The recently released 2007 Cone Cause Evolution Survey, finds that fully two-thirds of Americans consider a company?? business practices when deciding what to buy. It also found that 87% of U.S. consumers would switch from one brand to another if the other brand was associated with a good cause, up 31% since 1993.
I don?? doubt that people answered the survey the way Cone reported it. What I do doubt is that even a majority of people could match up the brand to which they may be loyal with the cause or social issue the company is supporting. How many Chevy owners know what Chevy supports? How many Heinz Ketchup buyers know what Heinz supports? Toyota? Levi Strauss? Intel? Pfizer?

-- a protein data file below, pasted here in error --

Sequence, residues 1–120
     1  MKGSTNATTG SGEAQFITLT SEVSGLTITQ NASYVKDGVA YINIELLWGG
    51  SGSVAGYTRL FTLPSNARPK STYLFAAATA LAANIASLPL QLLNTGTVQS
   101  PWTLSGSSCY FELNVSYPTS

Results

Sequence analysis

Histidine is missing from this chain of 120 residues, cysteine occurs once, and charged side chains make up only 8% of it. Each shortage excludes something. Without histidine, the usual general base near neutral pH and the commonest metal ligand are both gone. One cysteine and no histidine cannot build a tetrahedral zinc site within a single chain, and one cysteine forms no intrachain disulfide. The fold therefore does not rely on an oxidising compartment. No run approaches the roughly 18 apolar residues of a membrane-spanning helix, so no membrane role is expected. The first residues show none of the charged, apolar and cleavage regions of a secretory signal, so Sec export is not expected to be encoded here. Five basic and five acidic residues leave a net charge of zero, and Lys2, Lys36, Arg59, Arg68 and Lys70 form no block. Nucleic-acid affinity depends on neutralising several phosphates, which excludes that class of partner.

There are some companies that have successfully branded their causes. Ronald McDonald Houses come to mind. And Target has pretty successfully advertised its fund-raising for Tiger Woods?foundation. If you can keep track of the companies raising money for the Komen Foundation and breast cancer research, my hat is off to you. And I’d bet a vast majority of Target customers are hard pressed to know what Woods does with the money.
The Cone survey also says: 92% of consumers value companies that promote social issues, and 83% say companies have a responsibility to help support them.
The Cone survey is directionally right. But all it really shows is that a large percentage of consumers say they want some vague awareness that a company they are supporting is, in turn, supporting something worthwhile besides the CEO’s boat payments….whatever it might be.
That leaves the bar pretty low for how most companies manage their cause-related marketing.